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Is there a more charmed movie in theaters right now than Crazy Rich Asians? The groundbreaking rom-com, directed by Jon M. Chu, has introduced moviegoers to marquee-worthy newbies like Henry Golding (a charismatic, square-jawed blessing)—and earned a robust $26 million in its opening weekend. Now, the rom-com is proving just how badly audiences have been craving films of its ilk by picking up another $25 million in its second week at the box office. Thats only a 6 percent drop in sales from the films first weekend to the second—which is fairly unprecedented; most releases, as the New York Times notes, drop somewhere between 30 and 60 percent in that time frame.

“Wow… Just wow,” Golding tweeted in response to the news. “Thankyou to all who keep turning up and telling their friends they have to go watch our little movie. This is so strong ❤.”

Crazy Rich Asians is also the top-grossing comedy of the year so far, with its worldwide gross rolling in around $83 million. It beat out the stealthily successful Game Night, which starred Rachel McAdams and Jason Bateman. And Crazy Rich Asians has plenty of room to grow, too: the blockbuster has only picked up about $7.1 million overseas so far, prior to opening wide around the world.

The film does not yet have a set release date set in China, the globes second biggest moviegoing market. Its facing a few obstacles there, including Chinas limiting foreign film quota—but the films producers remain hopeful.

“Were all praying to the China gods right now," producer John Penotti previously told the Hollywood Reporter. “From my colleagues in Beijing, it looks like we're in strong consideration.”

Regardless, Crazy Rich Asians has performed well enough that Warner Bros. is moving forward with a sequel, China Rich Girlfriend. The studio plans to bring back Chu to direct, the first films producers to produce, and the same actors to act—after theyve negotiated crazy rich sequel deals, of course. The second movie will be an adaptation of Kevin Kwans eponymous Crazy Rich Asians follow-up novel, revolving around the same opulent crew as they branch out from Singapore and into the even crazier, old-moneyed wonderland of mainland China.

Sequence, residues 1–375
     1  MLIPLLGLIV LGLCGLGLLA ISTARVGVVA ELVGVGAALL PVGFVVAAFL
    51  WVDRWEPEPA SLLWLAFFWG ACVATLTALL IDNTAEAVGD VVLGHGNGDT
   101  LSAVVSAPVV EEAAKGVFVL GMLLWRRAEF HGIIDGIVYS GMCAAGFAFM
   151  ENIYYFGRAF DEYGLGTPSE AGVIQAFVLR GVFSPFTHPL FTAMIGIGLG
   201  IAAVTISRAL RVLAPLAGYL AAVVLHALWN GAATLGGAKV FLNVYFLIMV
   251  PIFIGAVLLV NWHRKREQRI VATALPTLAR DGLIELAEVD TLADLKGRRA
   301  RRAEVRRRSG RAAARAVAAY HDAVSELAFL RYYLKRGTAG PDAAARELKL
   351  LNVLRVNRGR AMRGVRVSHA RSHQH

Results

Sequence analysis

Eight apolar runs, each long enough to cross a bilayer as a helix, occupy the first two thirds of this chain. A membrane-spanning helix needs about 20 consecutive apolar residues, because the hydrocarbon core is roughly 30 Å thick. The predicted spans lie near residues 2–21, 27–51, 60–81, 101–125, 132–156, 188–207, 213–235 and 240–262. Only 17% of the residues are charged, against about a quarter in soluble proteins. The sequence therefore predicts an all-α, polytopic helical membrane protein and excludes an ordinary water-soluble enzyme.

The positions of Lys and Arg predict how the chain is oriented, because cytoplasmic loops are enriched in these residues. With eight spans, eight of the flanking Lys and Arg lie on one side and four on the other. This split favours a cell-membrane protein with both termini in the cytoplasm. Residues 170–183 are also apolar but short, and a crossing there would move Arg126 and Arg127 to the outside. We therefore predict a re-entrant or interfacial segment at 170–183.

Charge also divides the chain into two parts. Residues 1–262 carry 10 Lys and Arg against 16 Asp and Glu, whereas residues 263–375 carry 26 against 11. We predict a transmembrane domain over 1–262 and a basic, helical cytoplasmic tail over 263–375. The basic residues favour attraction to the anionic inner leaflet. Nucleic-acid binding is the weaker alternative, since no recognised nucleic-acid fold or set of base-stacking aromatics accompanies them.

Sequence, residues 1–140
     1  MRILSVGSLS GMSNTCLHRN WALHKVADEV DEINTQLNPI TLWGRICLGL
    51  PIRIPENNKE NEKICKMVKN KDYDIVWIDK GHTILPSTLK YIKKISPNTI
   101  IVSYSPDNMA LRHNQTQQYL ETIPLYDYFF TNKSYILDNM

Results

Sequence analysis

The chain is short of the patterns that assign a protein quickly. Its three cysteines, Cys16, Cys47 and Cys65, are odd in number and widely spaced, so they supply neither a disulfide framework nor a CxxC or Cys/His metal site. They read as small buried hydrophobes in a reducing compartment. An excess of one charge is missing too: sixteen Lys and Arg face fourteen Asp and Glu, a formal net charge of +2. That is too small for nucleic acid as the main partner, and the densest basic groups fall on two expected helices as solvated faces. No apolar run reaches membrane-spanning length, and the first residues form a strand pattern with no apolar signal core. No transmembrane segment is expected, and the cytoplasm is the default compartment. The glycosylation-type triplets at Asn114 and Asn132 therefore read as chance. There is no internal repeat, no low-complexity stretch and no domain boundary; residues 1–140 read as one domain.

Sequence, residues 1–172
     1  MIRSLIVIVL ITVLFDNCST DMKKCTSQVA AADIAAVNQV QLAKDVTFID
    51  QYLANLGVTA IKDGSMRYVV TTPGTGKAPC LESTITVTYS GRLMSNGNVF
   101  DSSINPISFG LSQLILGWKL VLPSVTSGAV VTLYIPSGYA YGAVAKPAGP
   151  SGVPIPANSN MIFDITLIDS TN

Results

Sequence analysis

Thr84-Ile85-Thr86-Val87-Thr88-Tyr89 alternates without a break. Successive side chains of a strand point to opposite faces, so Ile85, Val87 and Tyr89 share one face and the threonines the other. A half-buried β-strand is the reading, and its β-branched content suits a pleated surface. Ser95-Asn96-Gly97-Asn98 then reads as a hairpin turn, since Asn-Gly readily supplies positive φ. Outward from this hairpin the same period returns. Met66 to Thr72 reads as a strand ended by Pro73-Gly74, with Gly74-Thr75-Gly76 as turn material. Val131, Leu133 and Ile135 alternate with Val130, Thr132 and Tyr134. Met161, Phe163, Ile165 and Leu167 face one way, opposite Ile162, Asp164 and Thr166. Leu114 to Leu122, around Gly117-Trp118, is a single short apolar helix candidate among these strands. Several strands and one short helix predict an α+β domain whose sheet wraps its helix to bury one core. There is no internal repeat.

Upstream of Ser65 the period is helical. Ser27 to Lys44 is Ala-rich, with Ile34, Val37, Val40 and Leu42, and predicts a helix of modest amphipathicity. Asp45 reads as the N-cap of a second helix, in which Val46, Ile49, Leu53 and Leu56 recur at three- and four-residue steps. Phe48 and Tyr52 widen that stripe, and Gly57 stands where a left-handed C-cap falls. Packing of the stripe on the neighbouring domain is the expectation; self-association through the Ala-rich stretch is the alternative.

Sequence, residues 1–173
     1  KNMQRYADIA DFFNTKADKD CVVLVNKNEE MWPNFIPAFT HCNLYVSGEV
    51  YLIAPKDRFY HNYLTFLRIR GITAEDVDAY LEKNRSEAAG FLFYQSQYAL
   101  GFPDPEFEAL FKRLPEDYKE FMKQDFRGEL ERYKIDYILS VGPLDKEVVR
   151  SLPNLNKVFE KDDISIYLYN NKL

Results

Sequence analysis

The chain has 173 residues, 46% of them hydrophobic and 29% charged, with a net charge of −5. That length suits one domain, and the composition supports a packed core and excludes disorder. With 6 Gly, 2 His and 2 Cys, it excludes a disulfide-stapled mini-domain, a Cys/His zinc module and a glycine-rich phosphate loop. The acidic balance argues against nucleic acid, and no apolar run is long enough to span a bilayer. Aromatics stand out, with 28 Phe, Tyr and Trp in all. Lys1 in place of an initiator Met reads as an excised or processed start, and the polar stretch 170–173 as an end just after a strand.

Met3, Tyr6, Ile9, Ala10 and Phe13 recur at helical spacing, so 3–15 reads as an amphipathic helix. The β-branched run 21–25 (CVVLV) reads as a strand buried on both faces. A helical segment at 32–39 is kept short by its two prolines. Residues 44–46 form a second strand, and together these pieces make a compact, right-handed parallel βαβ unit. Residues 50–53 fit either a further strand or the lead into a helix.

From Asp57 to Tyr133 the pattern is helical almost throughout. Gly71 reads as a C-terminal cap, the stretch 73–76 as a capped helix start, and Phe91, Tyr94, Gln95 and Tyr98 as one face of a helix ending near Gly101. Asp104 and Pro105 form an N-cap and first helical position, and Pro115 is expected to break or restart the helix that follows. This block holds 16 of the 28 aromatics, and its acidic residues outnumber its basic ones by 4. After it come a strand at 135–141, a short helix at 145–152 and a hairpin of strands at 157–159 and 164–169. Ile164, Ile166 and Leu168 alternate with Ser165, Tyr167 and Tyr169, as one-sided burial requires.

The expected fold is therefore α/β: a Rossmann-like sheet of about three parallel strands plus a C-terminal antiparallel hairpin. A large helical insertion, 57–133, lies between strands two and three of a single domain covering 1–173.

Get Vanity Fairs HWD NewsletterSign up for essential industry and award news from Hollywood.Full ScreenPhotos:13 Old Hollywood Hot Spots That Defined an Era

The Mocambo

The pivotal West Hollywood nightclub, which regularly hosted artists like Dorothy Dandridge and Eartha Kitt, served as the debut spot for two singular performers: Frank Sinatra, who was making his Los Angeles debut as a solo act, and Ella Fitzgerald, who only got a slot thanks to a bit of lobbying from Marilyn Monroe. “She personally called the owner of the Mocambo and told him she wanted me booked immediately, and if he would do it, she would take a front table every night,” Fitzgerald once said. “The owner said yes, and Marilyn was there, front table, every night. The press went overboard. After that, I never had to play a small jazz club again.”Photo: From left, by J. R. Eyerman, by Ralph Crane, both from The LIFE Images Collection; By William Gottlieb/Redferns.The Brown Derby

The Brown Derby

Clark Gable proposed to Carole Lombard at the Vine St. location of this much-loved restaurant chain. The spot was also home to quite a few scenes in I Love Lucy, most notably the one in which Lucille Ball stares agog at William Holden, whos just trying to order a Cobb salad (so named after Brown Derby co-owner Robert Cobb) in peace.Photo: From Bettmann.The Chateau Marmont

The Chateau Marmont